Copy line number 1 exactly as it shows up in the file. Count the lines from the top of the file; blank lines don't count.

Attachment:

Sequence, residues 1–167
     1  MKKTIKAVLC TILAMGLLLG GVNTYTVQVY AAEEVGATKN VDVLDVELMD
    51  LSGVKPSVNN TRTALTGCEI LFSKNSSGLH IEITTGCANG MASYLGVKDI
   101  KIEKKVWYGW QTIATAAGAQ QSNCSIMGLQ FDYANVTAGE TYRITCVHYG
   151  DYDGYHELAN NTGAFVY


Sequence, residues 1–167